Microsoft raises pistol, pulls the trigger on Windows 7, 8 updates for new Intel, AMD chips

Microsoft has cut software updates and tweaks for computers powered by Intel and AMD's latest-generation processors running old versions of Windows. The Redmond giant is no longer serving software fixes to PCs and other systems that run Windows 7 or Windows 8.1 on Intel's fresh new Kaby Lake or AMD's hot-off-the-fab Ryzen …
Shaun Nichols, 13 Apr 2017

Astro-boffinry breakthrough: Loads of ingredients for life found on Saturn's Enceladus

Pics Tantalizing new evidence of hydrothermal vents on Enceladus and liquid water on Europa have reignited hopes that alien life may exist in our Solar System, NASA announced today. First, some quick facts: Enceladus is Saturn’s sixth largest moon – smaller than Europa and easily identifiable by a bright surface riddled with …
Katyanna Quach, 13 Apr 2017
MOAB

US military makes first drop of Mother-of-All-Bombs on Daesh-bags

Video For the first time, the US has used its largest non-nuclear explosive, the GBU-43/B Massive Ordnance Air Blast bomb (also known as the Mother Of All Bombs) in Afghanistan. The MOAB is a 10.5-ton bomb containing 18,700 pounds (8,482 kilograms) of high explosive. It was used against a cave and tunnel complex in use by the …
Iain Thomson, 13 Apr 2017

Back to the Future 2: Gasp! America's trade watchdog discovers the risks of 'free' movies

You may want to sit down for this. Did you know that movie files downloaded for free from the internet may contain malware? You did? Well it was news to US trade watchdog the FTC's assistant director Will Maxson, who published a whole blog post about this shocking revelation on Thursday. Will was also shocked to discover it …
Kieren McCarthy, 13 Apr 2017
Burger King ad

Burger King's 'OK Google' sad ad saga somehow gets worse

Fast food chain Burger King is doubling down on an ad campaign designed to activate the Google Home appliance, even as Google and the public at large object. The 15‑second ad features an actor who says, "OK Google, what is the Whopper burger?" in an attempt to force the Google Home devices of viewers to navigate to the …
Shaun Nichols, 13 Apr 2017

Amazon touts Echo voice-recog tech to world's gizmo makers

In an effort to cement its position in the voice recognition market, Amazon has opened up its Alexa technology to third parties. The e-retailer is offering its seven-microphone array and voice processing tech to hardware makers who want to include voice activation in their products, but don't want to spend the enormous time …
Kieren McCarthy, 13 Apr 2017

Drupal sci-fi sex scandal deepens: Now devs spank Dries over Gor bloke's banishment

Updated Scores of Drupal developers have formed a protest against the exiling of a project veteran who dabbled in kinky sci-fi hanky-panky. An open letter and website called Drupalconfessions.org, signed by 85 devs, calls on Drupal lead Dries Buytaert to end the exclusion of people based on their sexual appetites. The letter comes …
Shaun Nichols, 13 Apr 2017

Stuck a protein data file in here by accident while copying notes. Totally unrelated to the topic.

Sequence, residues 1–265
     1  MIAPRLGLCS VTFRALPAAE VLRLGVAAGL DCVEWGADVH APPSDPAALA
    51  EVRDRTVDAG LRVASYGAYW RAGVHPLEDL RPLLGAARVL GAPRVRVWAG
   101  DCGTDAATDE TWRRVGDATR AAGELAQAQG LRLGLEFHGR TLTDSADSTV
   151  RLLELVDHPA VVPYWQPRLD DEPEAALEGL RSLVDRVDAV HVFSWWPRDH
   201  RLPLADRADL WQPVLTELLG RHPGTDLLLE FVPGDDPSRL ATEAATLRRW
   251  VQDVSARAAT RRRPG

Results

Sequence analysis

Back to the future: Honda's new electric car can go an incredible 80 miles!

Honda's new electric car, the Clarity, is garnering a lot of attention – for all the wrong reasons. Available later this year, the car is expected to cost the same as the new Chevy Bolt and upcoming Tesla Model 3, but will have just a third of their ranges, managing only 80 miles on a full charge. While that would have been …
Kieren McCarthy, 13 Apr 2017
Woman stares at laptop screen, shocked. Pic by shutterstock

Cerber surpasses Locky to become dominant ransomware menace

Cerber eclipsed Locky as the most common ransomware pathogen doing the rounds in the first three months of 2017. Cerber's control of the cybercrime market rose from 70 per cent market share in January to 87 per cent in March, according to the latest cybercrime tactics report by Malwarebytes Lab. The success of Cerber is down …
John Leyden, 13 Apr 2017

ZX Spectrum reboot project's Great Ormond Street charity cash questions

Exclusive Tens of thousands of pounds destined for Great Ormond Street Hospital from ZX Spectrum Vega firm Retro Computers Limited appears not to have been paid. Retro Computers Limited (RCL) had promised to pay 10 per cent from proceeds of sales of its Vega console to Great Ormond Street Hospital (GOSH) in London, England, under the …
Gareth Corfield, 13 Apr 2017

Embrace our cloud, damn you: Microsoft dangles 40% discount on Azure instances

Microsoft has started offering substantial Windows Server licence discounts as an incentive to embrace its cloud. Redmond has rolled out its Azure Hybrid Use Benefits scheme, which it says can cut up to 40 per cent off the price of Windows Server virtual instances on Azure. Azure Hybrid Use Benefit covers two-processor and 16 …
Andreas Kolbe, 13 Apr 2017
Stardust_Neon_graveyard_Las_Vegas

Tantalising tidbits from XtremIO to be revealed at Vegas expo in May

XtremIO arrays have larger SSDs, better replication and copy data management support coming, according to the Dell World 2017 agenda for its Las Vegas appearance at The Venetian. Previous Dell World events have taken place in Austin, while EMC annual shows have been in Las Vegas. The combined Dell-EMC has outgrown Austin and …
Chris Mellor, 13 Apr 2017

Callisto Group snoopers wreak havoc with leaked HackingTeam spyware

Leaked HackingTeam spyware was used by a cyber-spy group to collect intelligence. The Callisto Group cyber-spies collected intel on foreign and security policy in eastern Europe and the south Caucasus using spyware developed for law enforcement agencies, according to F-Secure Labs. The group – which remains active – has …
John Leyden, 13 Apr 2017
basho logo

NoSQL slinger Basho looks like it's suffering from a case of NoBIZ

NoSQL database supplier Basho is looking for a sale. Basho Technologies provides the Riak KV (key:value) and TS (Time Series) databases to store massive data lakes. It's recently had a focus on the Internet of Things and processing at the edge. We have been hearing that the company has fallen on hard times. It last issued a …
Chris Mellor, 13 Apr 2017